The Creation of an Antioxidant Arsenal
Martha Reid, ND

We are in an exciting epoch of health care in which patients are becoming more responsible for their well-being, an era in which disease prevention and the promotion of optimal health are of primary importance. Many individuals now recognize that a lifetime of vibrant health is held within their lifestyle, of which diet has a predominant role. Over the past several decades, researchers have plied the abundant waters of nutritional medicine, discovering an amazing array of knowledge about the healing power of food. Perhaps the most notable development of the past 50 years is the discovery of antioxidants and their ability to neutralize free radicals and prevent disease. Free radicals and antioxidants have virtually become household terms, yet what do they really mean, and how do they affect health and disease? This essay discusses the connection between free radicals and disease and how antioxidants found in whole foods are the key to reducing oxidative stress (free radical damage) and preventing disease. Equipped with this knowledge, individuals can use their diet as a means to prevent disease and promote optimal health and longevity.

As the earth’s atmosphere evolved, so did aerobic metabolism, as well as the paradox that would affect all aerobic creatures, namely, the absolute necessity of oxygen for survival and its innate toxic effects that can cause cellular damage and cell death. In aerobic respiration, oxygen creates toxic metabolites known as free radicals.1-3 A free radical is an extremely unstable highly reactive molecular species owing to the fact that it contains unpaired electrons in its outer shells. This results in inherent instability. To create balance, the molecule must find an electron to fill its half-empty orbital and does so by “stealing” an electron from a weaker molecule, much in the same way that a dominant child steals a toy from a younger sibling. This causes instability in the newly victimized molecule, which then goes on to steal an electron from a molecule weaker than itself, resulting in the propagation of chain reactions that are highly damaging to cellular structure and function. In the chemical world, the loss of an electron is known as oxidation, while the gain of one is called reduction. Although deleterious, free radical reactions are a common and necessary component of all biologic systems: they are involved in aerobic metabolism, are essential to a multitude of biochemical processes within the body, and are a means for host defense against pathogenic microbes.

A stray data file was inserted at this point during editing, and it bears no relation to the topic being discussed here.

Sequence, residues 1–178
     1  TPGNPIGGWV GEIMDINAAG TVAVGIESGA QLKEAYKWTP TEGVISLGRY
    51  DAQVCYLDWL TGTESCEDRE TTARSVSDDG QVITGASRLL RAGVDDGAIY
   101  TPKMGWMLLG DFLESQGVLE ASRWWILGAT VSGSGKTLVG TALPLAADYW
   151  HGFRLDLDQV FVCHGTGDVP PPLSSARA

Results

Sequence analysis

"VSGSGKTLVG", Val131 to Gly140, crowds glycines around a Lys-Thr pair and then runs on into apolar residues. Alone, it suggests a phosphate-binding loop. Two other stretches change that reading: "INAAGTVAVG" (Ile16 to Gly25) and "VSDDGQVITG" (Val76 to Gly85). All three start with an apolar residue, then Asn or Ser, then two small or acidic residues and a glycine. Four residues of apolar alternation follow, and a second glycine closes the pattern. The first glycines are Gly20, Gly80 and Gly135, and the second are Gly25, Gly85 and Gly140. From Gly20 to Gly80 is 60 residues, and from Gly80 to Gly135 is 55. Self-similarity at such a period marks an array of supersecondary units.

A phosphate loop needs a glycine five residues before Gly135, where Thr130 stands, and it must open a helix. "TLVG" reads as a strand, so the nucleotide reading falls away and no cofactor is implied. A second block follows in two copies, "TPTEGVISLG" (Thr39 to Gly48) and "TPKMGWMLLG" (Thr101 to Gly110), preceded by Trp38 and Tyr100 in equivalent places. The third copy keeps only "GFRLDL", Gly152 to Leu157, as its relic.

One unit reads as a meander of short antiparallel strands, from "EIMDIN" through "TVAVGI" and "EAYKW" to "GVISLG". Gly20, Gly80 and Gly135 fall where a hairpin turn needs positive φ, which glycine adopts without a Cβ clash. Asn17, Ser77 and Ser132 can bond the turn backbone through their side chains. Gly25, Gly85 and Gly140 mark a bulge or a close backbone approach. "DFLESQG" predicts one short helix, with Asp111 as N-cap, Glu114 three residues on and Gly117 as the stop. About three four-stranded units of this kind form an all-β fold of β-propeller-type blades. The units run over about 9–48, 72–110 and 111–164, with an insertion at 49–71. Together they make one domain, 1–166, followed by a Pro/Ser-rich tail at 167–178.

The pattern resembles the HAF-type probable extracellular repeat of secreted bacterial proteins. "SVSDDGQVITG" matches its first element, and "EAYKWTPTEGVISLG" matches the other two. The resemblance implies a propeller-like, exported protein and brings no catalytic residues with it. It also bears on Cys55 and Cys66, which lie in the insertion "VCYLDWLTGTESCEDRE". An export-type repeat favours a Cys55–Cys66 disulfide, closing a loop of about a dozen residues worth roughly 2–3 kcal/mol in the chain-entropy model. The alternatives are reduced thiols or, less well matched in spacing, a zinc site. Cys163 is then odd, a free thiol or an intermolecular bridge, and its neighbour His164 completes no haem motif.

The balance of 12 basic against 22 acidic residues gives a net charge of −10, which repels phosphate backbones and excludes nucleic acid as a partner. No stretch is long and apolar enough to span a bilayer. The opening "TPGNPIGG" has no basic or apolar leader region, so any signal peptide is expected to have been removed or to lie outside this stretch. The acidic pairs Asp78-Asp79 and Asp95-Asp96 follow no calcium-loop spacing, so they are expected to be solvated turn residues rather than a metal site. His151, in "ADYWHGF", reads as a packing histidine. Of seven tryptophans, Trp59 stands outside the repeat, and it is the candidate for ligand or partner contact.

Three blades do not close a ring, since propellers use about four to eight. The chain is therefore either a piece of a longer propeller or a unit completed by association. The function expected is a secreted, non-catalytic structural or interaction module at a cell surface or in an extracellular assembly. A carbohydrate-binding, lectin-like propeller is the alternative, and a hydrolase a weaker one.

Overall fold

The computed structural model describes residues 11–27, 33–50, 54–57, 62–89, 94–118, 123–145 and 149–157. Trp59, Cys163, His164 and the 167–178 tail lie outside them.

Harman, a researcher at the University of Nebraska Medical Center, Omaha, proposed in the 1950s the free radical theory of aging, which postulated that an accumulation of free radicals within tissues causes cellular damage and results in aging over time.1,2 It was not until later that his work was expanded to look at free radicals as a cause of degenerative disease. Today, numerous scientific investigations have been performed linking free radical–induced tissue damage to diseases such as cardiovascular disease, arthritis, neurodegenerative diseases, diabetes mellitus, and various forms of cancer.4

All forms of stress, including physical, chemical, environmental, and even emotional, can trigger free radical reactions.2,5 The mechanisms by which free radical damage occurs are diverse, complex, and not fully understood, yet what is known represents a hornet’s nest of pathologic processes and disease manifestations. For example, free radicals are capable of damaging cellular membranes and organelles through the oxidation of cholesterol and polyunsaturated fatty acids embedded within cell membranes. This causes cross-linking of membrane proteins, resulting in loss of membrane function. An influx of sodium and calcium ions into the cell triggers numerous intracellular events, resulting in further insult. Damage to the mitochondrial membrane affects the energy production mechanisms of the cell, resulting in insufficient energy to maintain enzymatic activities, transport systems, ion-pumping mechanisms, and even the production of enzymes needed to trigger apoptotic pathways. Necrosis occurs, resulting in increased inflammation and other pathologic processes. Damaged DNA and intracellular proteins result in mutations that may eventually become neoplastic.2,5 With just this basic outline, one sees how free radical damage can culminate in degenerative disease processes. Thankfully, Mother Nature in her infinite wisdom evolved a powerful defense to combat free radical damage in the antioxidant arsenal of whole foods.